Melissa Monte (Guest):   Well, lymphedema, most people have heard of the venous system and the arterial system. Well, the venous system is part of the lymphatic system, and is part of the circulatory system. It actually aids in the bringing, extra water and plasma protein cells back to the heart, back to the kidneys so that it can be excreted from the body. What lymphedema is, is there is a breakdown or an obstruction of this lymphatic system and if you can imagine it as a bathtub. If the drain is working properly you have no problem, the water just runs in, runs out, and your tub will not overflow, but, let’s say that drain gets backed up, what happens is, the fluid still keeps flowing, but we have this back up, and, eventually our bathtub is going to overflow. What happens, then, is we get all this extra fluid and extra protein-enriched fluid that is sitting there and stagnant in our body and that is actually what lymphedema is. It’s this build-up of fluid that the body can’t get rid of because there’s an obstruction, there’s a breakdown of our lymphatic system.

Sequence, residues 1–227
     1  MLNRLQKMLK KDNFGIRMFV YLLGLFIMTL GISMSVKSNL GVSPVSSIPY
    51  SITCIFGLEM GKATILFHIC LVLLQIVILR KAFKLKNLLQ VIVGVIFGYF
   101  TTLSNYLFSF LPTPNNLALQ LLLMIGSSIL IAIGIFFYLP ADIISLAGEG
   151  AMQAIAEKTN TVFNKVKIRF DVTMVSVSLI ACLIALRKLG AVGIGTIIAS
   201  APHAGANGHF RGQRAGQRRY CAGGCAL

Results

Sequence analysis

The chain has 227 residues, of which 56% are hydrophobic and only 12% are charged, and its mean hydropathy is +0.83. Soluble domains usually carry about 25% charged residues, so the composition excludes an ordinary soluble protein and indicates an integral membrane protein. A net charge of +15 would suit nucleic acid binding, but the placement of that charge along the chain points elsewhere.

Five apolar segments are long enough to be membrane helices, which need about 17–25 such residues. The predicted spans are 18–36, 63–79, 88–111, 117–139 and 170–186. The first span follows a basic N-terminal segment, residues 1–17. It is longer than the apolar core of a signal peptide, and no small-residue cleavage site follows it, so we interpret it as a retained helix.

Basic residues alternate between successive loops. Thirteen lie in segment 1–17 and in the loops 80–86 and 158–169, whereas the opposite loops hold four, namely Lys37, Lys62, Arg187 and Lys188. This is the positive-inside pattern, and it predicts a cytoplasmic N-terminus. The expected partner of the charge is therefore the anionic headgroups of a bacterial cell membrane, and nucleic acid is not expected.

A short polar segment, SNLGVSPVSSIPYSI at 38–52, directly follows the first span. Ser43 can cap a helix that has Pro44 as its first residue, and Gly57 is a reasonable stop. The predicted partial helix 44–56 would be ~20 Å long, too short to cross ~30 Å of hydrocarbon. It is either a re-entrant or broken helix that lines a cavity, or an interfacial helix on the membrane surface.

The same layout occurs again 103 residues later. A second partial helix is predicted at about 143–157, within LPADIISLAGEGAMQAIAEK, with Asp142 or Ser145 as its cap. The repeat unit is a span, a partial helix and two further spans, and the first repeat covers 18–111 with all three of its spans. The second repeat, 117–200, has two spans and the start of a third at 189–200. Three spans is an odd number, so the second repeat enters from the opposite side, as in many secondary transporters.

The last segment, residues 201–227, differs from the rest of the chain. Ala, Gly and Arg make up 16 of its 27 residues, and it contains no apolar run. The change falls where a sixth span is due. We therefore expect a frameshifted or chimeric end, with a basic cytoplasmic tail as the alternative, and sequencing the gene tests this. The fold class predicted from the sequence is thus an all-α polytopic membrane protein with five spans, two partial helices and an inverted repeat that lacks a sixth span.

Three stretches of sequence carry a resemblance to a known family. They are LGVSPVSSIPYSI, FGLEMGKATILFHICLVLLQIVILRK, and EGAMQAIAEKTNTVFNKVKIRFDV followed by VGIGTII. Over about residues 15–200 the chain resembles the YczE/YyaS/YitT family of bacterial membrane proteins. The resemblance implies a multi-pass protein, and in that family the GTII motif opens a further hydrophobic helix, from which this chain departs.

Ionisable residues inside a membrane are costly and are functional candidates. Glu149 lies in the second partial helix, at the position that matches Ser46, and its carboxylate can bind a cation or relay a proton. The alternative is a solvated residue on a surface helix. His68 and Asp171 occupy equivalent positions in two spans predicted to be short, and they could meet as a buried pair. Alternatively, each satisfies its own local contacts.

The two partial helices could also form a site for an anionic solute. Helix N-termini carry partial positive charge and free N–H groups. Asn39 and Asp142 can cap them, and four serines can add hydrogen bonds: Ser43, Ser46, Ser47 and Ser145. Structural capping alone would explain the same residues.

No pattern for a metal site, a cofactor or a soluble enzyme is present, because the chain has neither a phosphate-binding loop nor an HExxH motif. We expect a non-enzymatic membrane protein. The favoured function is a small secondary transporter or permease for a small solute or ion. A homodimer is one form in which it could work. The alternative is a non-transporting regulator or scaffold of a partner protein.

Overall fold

Melanie:   What a wonderful explanation. So, how does surgery and radiation therapy for breast cancer contribute to lymphedema? What does that do to the lymphatic system?

Monte:   Well, it causes that breakdown or that obstruction that I was talking about, so unfortunately, when you have cancer and you have surgery, you are at a higher risk of developing lymphedema. Now, not everybody does develop lymphedema and if you have radiation and surgery together your risks do increase, but they say 1 in 3 women have the surgery and radiation may develop it and they are unsure of a clear reason why some do and why some don’t. There could be a genetic component to it. That they’re not certain of but just because you do have surgery and radiation, doesn’t guarantee that you’re going to get lymphedema. I think that scares people a lot because they think that they’re automatically going to get lymphedema and  that’s just not the case.